How did the original owners deal with the Florida heat? In the early days, the confectionary duo were in Daytona only during the winter. They also had many less products back then. Yet the Florida heat still was a major problem. There was in-store air conditioning in front in the store, but not in the back where all the production took place. Cooling was accomplished by having a fan blow over ice placed in freezers.

Tell me about the choco-train! It was Chuck’s idea, in 2010, to put a model electric train and tracks along the perimeter of the store’s main room. Unfortunately, it hasn’t been running for over a year now and is waiting for parts and needed maintenance. It is still there, so be sure to ask a staff member to point it out. Here’s a video of it chugging around the store in 2019:

How has the pandemic affected your business? The company experienced the most shipping, delivery and curb side pick up business ever. Yet, like the majority of businesses today, a shortage of staff has been a major problem as well as getting supplies. (Fortunately he had stocked up on them). They are currently closed on Sundays and their staff-led tours have been replaced with a self-guided one until further notice. Don’t worry, though, there are still lots of samples included. So be sure to call or check their Facebook page for shop hours and tour status before heading their way.

It was a pleasure “talking chocolate” with Chuck. We could have stayed on the phone for hours. I guess that could be another definition of chocolating! 😊

If you won’t be in the area any time soon, you might want to order some items from them online. Summertime? No worries, even your summer deliveries will arrive in good shape because of their careful packaging.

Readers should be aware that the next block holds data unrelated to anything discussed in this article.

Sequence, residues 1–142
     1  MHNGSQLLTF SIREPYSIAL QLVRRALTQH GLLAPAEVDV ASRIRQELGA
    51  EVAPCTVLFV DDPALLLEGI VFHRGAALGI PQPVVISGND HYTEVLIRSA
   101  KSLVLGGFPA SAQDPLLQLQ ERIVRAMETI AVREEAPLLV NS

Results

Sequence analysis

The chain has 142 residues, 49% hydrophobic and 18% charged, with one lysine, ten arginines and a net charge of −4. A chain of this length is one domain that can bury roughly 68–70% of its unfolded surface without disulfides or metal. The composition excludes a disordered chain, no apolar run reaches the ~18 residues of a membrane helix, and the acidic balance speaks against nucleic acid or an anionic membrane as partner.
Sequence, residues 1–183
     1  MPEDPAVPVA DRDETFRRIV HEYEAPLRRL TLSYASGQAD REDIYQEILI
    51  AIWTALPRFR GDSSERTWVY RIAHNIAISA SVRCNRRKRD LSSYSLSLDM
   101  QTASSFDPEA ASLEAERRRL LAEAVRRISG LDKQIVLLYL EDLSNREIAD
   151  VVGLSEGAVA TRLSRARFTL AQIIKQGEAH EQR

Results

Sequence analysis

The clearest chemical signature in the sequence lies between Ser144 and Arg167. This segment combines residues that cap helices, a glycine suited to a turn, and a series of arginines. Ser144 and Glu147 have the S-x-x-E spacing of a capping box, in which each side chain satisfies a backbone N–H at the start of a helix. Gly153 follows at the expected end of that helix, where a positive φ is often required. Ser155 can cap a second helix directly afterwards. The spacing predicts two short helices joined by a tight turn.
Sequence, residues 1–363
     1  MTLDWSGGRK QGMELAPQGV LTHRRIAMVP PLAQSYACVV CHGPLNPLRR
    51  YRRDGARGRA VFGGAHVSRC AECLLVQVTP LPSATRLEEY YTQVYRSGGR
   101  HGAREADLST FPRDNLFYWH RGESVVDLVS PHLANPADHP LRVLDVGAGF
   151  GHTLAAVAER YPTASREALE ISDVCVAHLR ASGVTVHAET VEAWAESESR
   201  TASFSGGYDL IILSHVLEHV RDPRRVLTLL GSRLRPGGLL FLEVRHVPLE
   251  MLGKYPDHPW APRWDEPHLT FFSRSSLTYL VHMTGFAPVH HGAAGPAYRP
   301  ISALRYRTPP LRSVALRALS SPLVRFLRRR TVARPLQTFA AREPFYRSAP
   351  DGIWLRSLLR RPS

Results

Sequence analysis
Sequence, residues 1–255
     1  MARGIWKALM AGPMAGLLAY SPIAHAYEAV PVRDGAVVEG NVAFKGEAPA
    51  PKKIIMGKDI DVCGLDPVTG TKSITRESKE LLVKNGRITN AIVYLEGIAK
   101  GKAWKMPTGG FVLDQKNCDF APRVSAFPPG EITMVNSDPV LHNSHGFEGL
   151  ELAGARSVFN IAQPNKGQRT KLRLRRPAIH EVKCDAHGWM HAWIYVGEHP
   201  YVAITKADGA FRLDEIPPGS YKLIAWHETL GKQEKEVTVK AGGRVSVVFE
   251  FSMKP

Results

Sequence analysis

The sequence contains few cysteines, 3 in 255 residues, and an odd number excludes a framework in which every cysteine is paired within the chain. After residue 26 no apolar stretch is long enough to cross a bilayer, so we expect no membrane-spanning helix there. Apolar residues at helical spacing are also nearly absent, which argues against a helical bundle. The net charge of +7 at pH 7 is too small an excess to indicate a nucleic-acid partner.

Angell & Phelps Chocolate Factory 154 S Beach St. Daytona Beach, FL 32114 386-252-6531

Heading back outside into the warm Florida air, we walked up and down a few blocks of North Beach Drive. This is the historical downtown district of Daytona Beach-where everyone did their shopping before malls! The chocolate shop is located just a few doors down from a beautiful Kress Building, a reminder of the chain of “five and dime” stores built in hundreds of US cities from 1896-1981. This particular building was built in 1928 and confirms Samuel Kress’ vision that his stores would stand out as works of public art.

There is still much to explore, so let’s get going. Continue south along the palm-tree lined N. Beach Drive and turn left onto E. Orange. You just crossed the Halifax River, actually an estuarine lagoon and part of the Intercostal Highway, a 3,000-mile inland shipping and pleasure waterway from Boston, all the way around the tip of Florida, and then following the Gulf Coast to Brownsville, Texas. The name of the Halifax River is a reminder of the British rule of Florida between 1763 and 1783.

Tip of the Peninsula

Continue straight and then turn right on State Road A1A. Today, SR A1A serves as more a main coastal highway that spans for more than 375 miles along Florida’s East Coast, from Key West at the southern tip of Florida, to Fernandina Beach, just south of Georgia on Amelia Island. It’s the main road through most of Florida’s oceanfront towns. 

For 10 miles, you will pass through the coastal communities of Daytona Beach Shores and Wilber-By-The-Sea. Then turn left on Lighthouse Road. Our destination: The Ponce de Leon Inlet Lighthouse and Museum. When you arrive, you feel like you’ve just entered a whole other world.

At 175 feet, it is the tallest coastal sentinel in the Sunshine State. If you are able, be sure to climb the to see a bird’s eye view of the beautiful inlet itself and the surrounding area. Built in 1887, there are 203 steps from the ground level to the gallery deck at the top of the lighthouse for a beautiful 360 degree view. If you are physically unable to venture to top, the lighthouse is still impressive to look at from ground level and there much to see on the grounds, including a Fresnel light museum and beautiful gift shop.

Ponce Inlet Lighthouse and Museum 4931 South Peninsula Drive
Ponce Inlet, FL 32127 (386) 761-1821

It’s Beachtime

We’ll now take S. Peninsula Drive back north to Daytona Beach. Turn right on Curlew and then right on S. Atlantic (A1A). We started our beach exploration from the Club Wyndam’s Ocean Walk Hotel (located near the corner of Ora Street and A1A) . Step right outside their back doors and outstretched before you:  the impressive Dayton Beach Boardwalk.